Did you know?

lime to fight lime

Is it fighting fire with fire? You could almost think it’s true when we tell you that taking out calcium or lime from drinking water, a process called decalcification, is done with – lime! The explanation is both simple and fascinating. Calcium deposits or limescales from drinking water, chemically calcium carbonate, are created following simple chemical or physical processes: Carbon dioxide (CO2) from the atmosphere is captured by rain or ground water to become carbonic acid. If water containing this carbonic acid flows over lime, the carbonic acid dissolves the lime to become soluble calcium hydrogen carbonate. This calcium hydrogen carbonate stays in solution with the drinking water until that water evaporates or is heated. In that case, carbon dioxide (CO2) and non-soluble calcium carbonate (limescale) re-emerge.

Dripstones or flowstones are created following the very same principle. However, while we find limestone caves and their creation fascinating, limescale in pipes of machinery or on our sink bugs us. When warm or hot water are concerned, it is a particular worry: as lime is a poor heat conductor, the energy consumption needed to heat water rises with the calcium deposits.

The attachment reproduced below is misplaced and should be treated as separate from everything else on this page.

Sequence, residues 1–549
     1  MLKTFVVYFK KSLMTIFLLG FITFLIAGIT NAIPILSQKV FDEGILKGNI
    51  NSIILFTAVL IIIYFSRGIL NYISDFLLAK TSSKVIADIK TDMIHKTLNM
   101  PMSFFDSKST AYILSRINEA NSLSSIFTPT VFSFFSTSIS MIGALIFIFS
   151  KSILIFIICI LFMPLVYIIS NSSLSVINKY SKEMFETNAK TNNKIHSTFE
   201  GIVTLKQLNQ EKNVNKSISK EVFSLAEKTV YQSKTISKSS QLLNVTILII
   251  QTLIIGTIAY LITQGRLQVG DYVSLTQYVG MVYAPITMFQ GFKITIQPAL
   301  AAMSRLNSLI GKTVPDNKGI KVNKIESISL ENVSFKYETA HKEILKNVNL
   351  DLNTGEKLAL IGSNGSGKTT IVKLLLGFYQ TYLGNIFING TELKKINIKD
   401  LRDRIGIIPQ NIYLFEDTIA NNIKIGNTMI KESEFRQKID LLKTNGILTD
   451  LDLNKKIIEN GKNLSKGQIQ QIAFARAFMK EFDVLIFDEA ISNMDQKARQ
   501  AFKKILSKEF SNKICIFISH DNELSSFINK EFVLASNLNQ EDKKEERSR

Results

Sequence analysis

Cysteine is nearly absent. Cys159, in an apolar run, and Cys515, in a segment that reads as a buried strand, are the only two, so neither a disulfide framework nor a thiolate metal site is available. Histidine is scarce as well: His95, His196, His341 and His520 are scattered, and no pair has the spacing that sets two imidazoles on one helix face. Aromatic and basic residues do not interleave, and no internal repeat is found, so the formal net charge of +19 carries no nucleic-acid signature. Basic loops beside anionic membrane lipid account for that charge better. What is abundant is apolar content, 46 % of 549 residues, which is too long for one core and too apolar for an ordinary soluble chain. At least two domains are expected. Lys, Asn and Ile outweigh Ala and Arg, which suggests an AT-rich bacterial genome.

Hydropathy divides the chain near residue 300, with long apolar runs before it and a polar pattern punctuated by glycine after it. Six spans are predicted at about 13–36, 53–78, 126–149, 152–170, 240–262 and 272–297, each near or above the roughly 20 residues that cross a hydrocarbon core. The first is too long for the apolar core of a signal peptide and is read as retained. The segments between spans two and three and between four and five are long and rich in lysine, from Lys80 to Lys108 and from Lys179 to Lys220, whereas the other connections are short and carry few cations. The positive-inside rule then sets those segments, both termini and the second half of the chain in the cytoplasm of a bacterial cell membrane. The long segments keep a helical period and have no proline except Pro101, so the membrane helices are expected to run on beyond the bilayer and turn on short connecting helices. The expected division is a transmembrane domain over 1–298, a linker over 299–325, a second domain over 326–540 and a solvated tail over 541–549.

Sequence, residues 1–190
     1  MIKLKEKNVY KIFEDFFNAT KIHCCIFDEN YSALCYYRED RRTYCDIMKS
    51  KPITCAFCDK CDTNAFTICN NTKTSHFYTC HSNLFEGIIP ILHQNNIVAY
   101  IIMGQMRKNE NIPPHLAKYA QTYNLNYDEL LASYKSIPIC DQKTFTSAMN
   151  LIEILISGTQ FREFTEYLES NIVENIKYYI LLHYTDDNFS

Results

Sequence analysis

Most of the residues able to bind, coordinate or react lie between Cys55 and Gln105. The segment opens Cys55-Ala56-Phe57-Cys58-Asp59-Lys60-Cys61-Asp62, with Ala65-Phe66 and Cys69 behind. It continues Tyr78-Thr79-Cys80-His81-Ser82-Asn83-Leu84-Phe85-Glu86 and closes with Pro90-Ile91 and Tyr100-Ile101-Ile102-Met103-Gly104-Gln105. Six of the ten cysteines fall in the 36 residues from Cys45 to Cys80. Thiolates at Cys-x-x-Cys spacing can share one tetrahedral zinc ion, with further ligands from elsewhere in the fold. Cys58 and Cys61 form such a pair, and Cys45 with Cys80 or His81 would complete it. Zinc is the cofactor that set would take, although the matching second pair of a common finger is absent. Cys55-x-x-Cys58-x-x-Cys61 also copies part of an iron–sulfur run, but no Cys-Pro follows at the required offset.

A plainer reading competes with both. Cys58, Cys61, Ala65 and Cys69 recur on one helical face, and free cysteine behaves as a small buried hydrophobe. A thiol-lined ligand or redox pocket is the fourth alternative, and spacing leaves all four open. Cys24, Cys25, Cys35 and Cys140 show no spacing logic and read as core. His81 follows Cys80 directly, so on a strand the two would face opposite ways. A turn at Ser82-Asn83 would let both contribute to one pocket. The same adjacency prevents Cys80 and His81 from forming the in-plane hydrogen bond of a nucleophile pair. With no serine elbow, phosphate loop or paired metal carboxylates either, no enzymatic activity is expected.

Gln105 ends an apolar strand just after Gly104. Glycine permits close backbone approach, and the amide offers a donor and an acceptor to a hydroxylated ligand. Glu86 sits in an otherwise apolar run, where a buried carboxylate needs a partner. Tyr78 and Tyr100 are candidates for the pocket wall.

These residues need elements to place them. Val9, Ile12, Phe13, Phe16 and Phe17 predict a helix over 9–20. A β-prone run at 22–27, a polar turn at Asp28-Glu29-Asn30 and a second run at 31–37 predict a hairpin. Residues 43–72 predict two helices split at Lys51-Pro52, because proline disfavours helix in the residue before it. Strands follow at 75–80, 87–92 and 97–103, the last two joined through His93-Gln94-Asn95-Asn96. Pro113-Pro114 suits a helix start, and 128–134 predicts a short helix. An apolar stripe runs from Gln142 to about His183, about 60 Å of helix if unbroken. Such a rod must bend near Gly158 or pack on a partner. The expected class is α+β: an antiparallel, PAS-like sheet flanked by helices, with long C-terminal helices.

Numerous drinking water production facilities in Germany are using the very plausible principle of water softening using calcium hydrate to reduce the problem of calcium deposits. By adding slaked lime in the form of lime milk or lime water, the pH value and the concentration of calcium ions is increased substantially. This higher concentration of calcium ions results in the chemical precipitation of the soluble calcium hydrogen carbonate as calcium carbonate, which falls down in the drinking water facility as a white deposit and is separated. The thus precipitated calcium carbonate is then put to a meaningful use.